It is essential to choose the correct power factor correction panel for your system. In fact, as you already know, there must be a balance between the types of power present in your network, otherwise you risk an excess of reactive energy (which is charged extra by utility companies).

## The first step is the measurement of the cosΦ

There are several ways to measure your cos**Φ****: **

- The first, which is also the simplest, is to check your electricity bill. Many utility electric companies indicate this parameter among other information.
- The second is to use a power analyzer. This solution is certainly the most useful. In fact, in addition to the indication of your cos
**Φ**, a power analyser will provide you with all the information regarding your network, such as the presence of harmonics, the consumption of electricity and the phase balance. - The third is to use a power factor meter. In this case the instrument will directly indicate the PF (power factor) value. As previously explained, the PF = cos
**Φ**if there are no non-linear loads (and hence harmonics) in your network. - The fourth way is to use reactive energy meters. In this case you will have to make some calculations, since the indicated values are only relative to energy.

To make it short, you have to consider four values: two at the beginning of the work cycle, and two at the end of the work cycle. The data to take in consideration are active and reactive energy. Here is the formula to calculate the cosΦ:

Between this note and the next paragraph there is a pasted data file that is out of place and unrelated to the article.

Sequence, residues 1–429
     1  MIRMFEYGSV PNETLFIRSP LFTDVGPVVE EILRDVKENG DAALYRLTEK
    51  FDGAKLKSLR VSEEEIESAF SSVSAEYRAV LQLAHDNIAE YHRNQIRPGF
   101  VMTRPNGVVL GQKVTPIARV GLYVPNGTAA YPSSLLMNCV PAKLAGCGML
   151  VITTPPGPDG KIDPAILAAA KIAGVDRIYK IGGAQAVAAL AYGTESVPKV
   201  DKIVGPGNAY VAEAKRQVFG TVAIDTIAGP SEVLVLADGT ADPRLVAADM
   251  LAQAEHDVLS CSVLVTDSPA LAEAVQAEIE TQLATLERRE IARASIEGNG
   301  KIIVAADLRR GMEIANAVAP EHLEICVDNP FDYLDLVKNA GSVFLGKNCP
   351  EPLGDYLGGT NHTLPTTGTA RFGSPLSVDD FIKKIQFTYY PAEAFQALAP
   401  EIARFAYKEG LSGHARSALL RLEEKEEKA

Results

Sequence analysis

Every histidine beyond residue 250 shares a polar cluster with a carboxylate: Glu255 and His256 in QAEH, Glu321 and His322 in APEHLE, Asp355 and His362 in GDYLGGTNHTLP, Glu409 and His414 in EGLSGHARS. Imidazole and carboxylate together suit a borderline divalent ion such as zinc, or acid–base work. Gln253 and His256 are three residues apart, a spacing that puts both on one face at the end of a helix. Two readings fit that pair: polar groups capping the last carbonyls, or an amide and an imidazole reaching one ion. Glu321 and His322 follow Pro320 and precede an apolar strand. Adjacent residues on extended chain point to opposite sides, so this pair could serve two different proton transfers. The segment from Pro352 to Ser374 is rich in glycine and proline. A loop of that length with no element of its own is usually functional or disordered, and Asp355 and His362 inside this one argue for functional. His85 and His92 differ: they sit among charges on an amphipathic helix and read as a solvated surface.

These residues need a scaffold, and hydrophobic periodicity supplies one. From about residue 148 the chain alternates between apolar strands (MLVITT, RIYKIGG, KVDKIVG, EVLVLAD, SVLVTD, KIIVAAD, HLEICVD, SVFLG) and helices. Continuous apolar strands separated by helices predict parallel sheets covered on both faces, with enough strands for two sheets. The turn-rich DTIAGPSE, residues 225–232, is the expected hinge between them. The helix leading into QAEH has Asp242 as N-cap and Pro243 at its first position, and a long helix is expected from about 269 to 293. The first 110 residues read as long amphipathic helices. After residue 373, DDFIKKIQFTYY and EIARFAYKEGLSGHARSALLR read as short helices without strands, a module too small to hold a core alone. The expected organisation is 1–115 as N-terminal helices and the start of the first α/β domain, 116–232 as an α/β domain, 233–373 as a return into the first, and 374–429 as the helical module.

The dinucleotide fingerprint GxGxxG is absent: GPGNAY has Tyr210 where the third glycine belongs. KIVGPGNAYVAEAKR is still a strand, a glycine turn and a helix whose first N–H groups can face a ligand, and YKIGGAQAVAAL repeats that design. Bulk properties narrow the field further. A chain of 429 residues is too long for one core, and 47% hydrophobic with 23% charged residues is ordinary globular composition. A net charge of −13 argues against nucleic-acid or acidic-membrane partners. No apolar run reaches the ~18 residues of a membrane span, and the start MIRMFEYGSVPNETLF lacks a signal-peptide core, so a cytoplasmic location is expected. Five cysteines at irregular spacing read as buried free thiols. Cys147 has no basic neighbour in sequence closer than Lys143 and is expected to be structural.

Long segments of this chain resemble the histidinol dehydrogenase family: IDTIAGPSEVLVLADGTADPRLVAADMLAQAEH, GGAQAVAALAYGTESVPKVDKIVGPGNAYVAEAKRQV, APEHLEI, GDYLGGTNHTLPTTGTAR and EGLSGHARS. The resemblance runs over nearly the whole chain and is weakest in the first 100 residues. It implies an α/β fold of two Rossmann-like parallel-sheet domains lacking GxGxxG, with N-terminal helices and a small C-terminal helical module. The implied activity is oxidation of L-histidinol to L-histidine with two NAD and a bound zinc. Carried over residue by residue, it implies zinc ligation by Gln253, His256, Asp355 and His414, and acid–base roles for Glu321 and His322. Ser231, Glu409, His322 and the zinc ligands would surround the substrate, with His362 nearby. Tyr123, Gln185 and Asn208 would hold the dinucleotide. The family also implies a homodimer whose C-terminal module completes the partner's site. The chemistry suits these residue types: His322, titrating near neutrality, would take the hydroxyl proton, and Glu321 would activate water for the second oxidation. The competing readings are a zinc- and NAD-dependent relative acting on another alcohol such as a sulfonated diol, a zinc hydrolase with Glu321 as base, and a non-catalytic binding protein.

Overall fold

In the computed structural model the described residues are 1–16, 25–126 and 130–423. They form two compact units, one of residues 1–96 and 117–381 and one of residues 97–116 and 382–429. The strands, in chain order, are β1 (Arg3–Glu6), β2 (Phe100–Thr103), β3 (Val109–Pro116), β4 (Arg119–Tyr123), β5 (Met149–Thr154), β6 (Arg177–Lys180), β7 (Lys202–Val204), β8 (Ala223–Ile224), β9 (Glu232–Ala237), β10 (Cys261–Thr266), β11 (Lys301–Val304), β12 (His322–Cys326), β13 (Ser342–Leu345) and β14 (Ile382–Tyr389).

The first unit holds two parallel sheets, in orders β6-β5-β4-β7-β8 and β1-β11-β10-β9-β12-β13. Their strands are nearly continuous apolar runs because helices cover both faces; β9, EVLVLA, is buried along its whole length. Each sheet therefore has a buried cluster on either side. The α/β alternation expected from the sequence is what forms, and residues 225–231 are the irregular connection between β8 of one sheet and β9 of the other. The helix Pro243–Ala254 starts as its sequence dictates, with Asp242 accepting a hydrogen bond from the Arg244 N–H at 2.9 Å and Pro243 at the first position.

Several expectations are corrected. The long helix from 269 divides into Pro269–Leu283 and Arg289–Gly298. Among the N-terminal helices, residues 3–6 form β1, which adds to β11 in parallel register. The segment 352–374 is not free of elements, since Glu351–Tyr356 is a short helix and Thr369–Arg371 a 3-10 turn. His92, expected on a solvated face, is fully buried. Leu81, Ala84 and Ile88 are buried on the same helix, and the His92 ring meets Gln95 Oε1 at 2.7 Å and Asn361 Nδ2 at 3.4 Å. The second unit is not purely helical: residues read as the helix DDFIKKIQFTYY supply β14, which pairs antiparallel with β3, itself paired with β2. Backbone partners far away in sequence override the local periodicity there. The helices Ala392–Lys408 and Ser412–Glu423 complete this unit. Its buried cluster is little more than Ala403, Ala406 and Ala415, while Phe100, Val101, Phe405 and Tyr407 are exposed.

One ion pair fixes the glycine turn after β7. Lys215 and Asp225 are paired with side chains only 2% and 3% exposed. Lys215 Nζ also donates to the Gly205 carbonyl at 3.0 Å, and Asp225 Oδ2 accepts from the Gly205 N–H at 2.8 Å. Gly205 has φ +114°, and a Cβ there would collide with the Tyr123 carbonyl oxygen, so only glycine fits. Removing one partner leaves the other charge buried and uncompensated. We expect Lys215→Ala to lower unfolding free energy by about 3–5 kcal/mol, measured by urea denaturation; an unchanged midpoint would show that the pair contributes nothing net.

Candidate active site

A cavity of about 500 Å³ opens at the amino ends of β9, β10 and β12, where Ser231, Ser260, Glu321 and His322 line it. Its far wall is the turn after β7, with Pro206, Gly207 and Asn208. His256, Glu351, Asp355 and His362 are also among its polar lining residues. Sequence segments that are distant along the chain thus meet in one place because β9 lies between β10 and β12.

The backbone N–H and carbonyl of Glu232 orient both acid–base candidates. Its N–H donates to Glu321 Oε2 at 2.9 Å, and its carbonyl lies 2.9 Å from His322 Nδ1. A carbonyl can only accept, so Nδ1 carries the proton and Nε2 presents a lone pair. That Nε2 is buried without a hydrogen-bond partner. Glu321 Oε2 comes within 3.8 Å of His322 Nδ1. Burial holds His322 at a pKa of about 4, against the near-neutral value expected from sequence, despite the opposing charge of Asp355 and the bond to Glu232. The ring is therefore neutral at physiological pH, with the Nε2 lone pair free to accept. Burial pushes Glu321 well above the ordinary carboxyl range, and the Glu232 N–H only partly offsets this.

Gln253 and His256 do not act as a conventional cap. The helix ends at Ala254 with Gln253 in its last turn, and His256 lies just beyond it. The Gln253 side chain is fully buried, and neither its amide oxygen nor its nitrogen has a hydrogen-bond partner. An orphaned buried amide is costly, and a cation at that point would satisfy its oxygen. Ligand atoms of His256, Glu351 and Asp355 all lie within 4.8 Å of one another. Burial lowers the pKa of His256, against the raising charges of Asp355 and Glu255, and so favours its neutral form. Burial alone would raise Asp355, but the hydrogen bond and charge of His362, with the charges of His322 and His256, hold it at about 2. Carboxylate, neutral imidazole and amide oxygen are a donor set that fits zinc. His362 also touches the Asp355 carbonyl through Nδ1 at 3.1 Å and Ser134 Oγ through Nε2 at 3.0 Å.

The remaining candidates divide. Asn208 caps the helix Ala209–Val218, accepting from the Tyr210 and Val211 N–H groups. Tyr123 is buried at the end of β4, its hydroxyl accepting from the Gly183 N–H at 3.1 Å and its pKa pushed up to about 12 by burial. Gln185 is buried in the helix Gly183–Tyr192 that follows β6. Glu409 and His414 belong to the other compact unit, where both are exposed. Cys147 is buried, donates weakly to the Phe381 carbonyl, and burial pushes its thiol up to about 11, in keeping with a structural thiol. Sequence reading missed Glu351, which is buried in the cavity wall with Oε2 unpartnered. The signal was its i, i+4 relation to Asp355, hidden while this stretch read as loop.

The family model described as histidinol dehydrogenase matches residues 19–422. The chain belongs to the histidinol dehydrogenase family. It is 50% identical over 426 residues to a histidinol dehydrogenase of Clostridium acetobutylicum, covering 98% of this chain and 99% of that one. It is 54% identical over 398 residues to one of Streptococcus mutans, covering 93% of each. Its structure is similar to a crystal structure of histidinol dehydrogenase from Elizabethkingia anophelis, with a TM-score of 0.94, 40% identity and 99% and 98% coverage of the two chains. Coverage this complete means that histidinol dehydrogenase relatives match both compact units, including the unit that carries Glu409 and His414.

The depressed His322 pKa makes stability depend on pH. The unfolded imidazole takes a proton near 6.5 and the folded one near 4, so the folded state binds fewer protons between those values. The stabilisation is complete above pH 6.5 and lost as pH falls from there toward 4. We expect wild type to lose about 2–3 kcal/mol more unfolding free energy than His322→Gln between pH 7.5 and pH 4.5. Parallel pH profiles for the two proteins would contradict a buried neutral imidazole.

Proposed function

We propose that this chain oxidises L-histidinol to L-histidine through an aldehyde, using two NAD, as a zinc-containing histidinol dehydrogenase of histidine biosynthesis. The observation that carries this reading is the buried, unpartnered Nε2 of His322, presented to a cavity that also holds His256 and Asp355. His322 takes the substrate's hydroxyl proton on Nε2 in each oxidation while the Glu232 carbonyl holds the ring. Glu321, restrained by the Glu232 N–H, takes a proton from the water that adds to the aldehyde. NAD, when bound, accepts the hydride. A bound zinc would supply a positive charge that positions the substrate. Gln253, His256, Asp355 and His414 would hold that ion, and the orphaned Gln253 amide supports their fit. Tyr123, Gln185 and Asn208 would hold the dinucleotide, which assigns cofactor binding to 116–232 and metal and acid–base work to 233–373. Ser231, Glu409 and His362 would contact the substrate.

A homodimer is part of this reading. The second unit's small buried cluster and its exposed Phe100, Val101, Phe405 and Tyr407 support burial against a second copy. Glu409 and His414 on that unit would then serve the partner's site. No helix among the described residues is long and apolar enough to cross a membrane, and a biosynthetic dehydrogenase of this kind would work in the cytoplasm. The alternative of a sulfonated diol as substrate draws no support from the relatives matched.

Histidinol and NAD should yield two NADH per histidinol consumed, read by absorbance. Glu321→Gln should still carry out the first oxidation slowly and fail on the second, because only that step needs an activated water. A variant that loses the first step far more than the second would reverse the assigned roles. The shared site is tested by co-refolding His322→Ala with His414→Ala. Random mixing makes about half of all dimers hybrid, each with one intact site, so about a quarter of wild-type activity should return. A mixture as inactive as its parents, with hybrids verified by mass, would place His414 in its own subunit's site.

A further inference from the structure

CosΦ= cos(tan^-1((Eqf – Eqi)/(Epf – Epi))

Where:

- Eqf is reactive energy at the end of work cycle.

- Eqi is reactive energy at the begging of work cycle.

- Epf is active energy at the end of work cycle.

- Epi is active energy at the begging of work cycle.

## The second step is the calculation of the necessary reactive power Q(c)

In order to calculate the reactive power that is necessary to improve power factor, it is important to know the active power of the load, the actual and the desired cosΦ.

We have already found the present cosΦ.

The desired cosΦ value depends on the electric company. In fact, this value can range from 0.90 to 0.97. Gruppo Energia automatic regulators are normally set to reach the cosΦ value of 0.99 in our own capacitor banks. The active power of the machinery (load) to be compensated is normally indicated on their information plate.

Once we have all three parameters available, we use the following formula to determine the reactive power:

Q(c) = P x k

Where:

- Q(c) is the necessary reactive power (kVar).

- P is active power of the load to be compensated (kW).

- k is the conversation coefficient in the table you can find below. You can find it by crossing the value of the actual cos
**Φ**and the desired cos**Φ.**

*Calculation example:*

Active power (load power) P: 100 kW

Actual cos**Φ**: 0,55

Desired cos**Φ**: 0,99

Coefficient from the **table**: 1,376

Q(c) = 100 x 1,376 = 137,6 kVar

As you can see, the reactive power to be compensated is 137,6 kVar, which can be approximated to 150 kVar considering that the loads might slightly increase in the future.

## The third step is to choose between fixed or automatic correction

If your system is quite small, we normally suggest a fixed power factor correction bank. In this case the power of capacitors is fixed to supply the constant reactive power to the exiting load. Even the load should not be changed.